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DOJ OIG Releases Report Examining EOIR’s Use of Video Teleconferencing for Immigration Hearings

Department of Justice (DOJ) Inspector General Michael E. Horowitz announced today the release of a limited-scope inspection and review of the Executive Office for Immigration Review’s (EOIR) use of video teleconferencing (VTC) for immigration hearings. The DOJ Office of the Inspector General (OIG) found that, while EOIR has expanded its use of VTC and other virtual platforms since the beginning of the coronavirus disease 2019 (COVID-19) pandemic, there continue to be important areas that it needs to address to ensure that proceedings can be conducted effectively and fairly.

The OIG’s findings included the following:

  • VTC Audio and Video Experience. During the OIG’s initial on-site fieldwork in Brownsville, Texas, we found that the video and audio quality for Migrant Protection Protocols (MPP) hearings involving two-way connections between immigration courts and the Department of Homeland Security (DHS) Immigration Hearing Facility was generally adequate. However, for three-way hearings, during which the DHS trial attorney joined the virtual hearing from a third remote location, the video feed of the trial attorney was frequently interrupted and often of poor quality. We also identified several sources of audial distractions that impeded hearings held at the IHF, regardless of the type of hearing.
  • Challenges to Respondents Understanding the Hearing Process. Immigrants appearing before immigration judges (referred to as “respondents”) virtually from the Brownsville IHF potentially had trouble at times following the hearing process and clearly differentiating the distinct roles of certain participants—particularly the immigration judge versus the DHS trial attorney—due in part to their positioning on the video monitor. Additionally, the video presentation outlining respondents’ rights was difficult to understand at the Brownsville IHF.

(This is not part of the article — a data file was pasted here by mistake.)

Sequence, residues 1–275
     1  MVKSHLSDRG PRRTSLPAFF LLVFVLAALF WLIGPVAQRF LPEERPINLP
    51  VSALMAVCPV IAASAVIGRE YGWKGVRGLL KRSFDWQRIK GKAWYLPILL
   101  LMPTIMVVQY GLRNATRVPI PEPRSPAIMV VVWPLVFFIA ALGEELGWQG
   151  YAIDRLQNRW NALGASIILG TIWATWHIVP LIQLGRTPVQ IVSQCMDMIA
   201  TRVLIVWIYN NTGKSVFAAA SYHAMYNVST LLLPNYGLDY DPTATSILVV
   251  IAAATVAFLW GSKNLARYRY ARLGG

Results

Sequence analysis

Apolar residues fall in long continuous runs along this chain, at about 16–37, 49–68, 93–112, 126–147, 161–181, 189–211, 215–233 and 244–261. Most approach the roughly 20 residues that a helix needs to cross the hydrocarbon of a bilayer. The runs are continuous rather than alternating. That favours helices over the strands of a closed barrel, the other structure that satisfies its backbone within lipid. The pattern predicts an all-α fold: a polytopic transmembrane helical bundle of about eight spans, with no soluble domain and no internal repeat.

• Virtual Hearing Best Practices. We found that EOIR provides adequate training to new and existing immigration judges on how to fully utilize courtroom technologies, including VTC and digital recording software. However, guidance was inadequate on virtual hearing best practices such as limiting noise distractions, introducing all parties, camera positioning, and appropriate times for muting, especially for existing immigration judges. In response to our recommendations, EOIR has implemented training on these virtual hearing best practices.
  • Courtroom Technology. We found some limitations to courtroom technology. For example, EOIR is limited in its ability to remotely provide simultaneous interpretation for non-English speakers, which would allow for more efficient hearing proceedings and more complete interpretation for the respondent. Additionally, although EOIR is providing technology allowing more immigration judges to conduct hearings from remote locations, the majority of immigration judges can conduct hearings only from a physical courtroom.
  • Staff Experiences. Immigration judges expressed support for remote hearings and believed that conducting hearings in a remote environment did not hinder their ability to preside over a fair proceeding. They believed that remote hearings allow for greater ability to manage dockets, improve efficiency and reduce costs, and adapt to pandemics or natural disasters that force the closure of immigration courts.

As virtual hearings expand, even with COVID-19 restrictions being lifted, EOIR will need to continue seeking mechanisms to ensure that these hearings are conducted fairly and efficiently. The OIG encourages EOIR to continue to be innovative in finding ways to ensure respondent access and understanding, full and complete interpretation, and public transparency in the virtual hearing environment. EOIR should also continue to coordinate with DHS to ensure that respondents in DHS-controlled settings, including those in the MPP program, are afforded the same rights they would receive in person in an EOIR immigration court.

The OIG made 12 recommendations to assist EOIR in expanding its use of VTC and other remote platforms. EOIR generally agreed with all of the recommendations.

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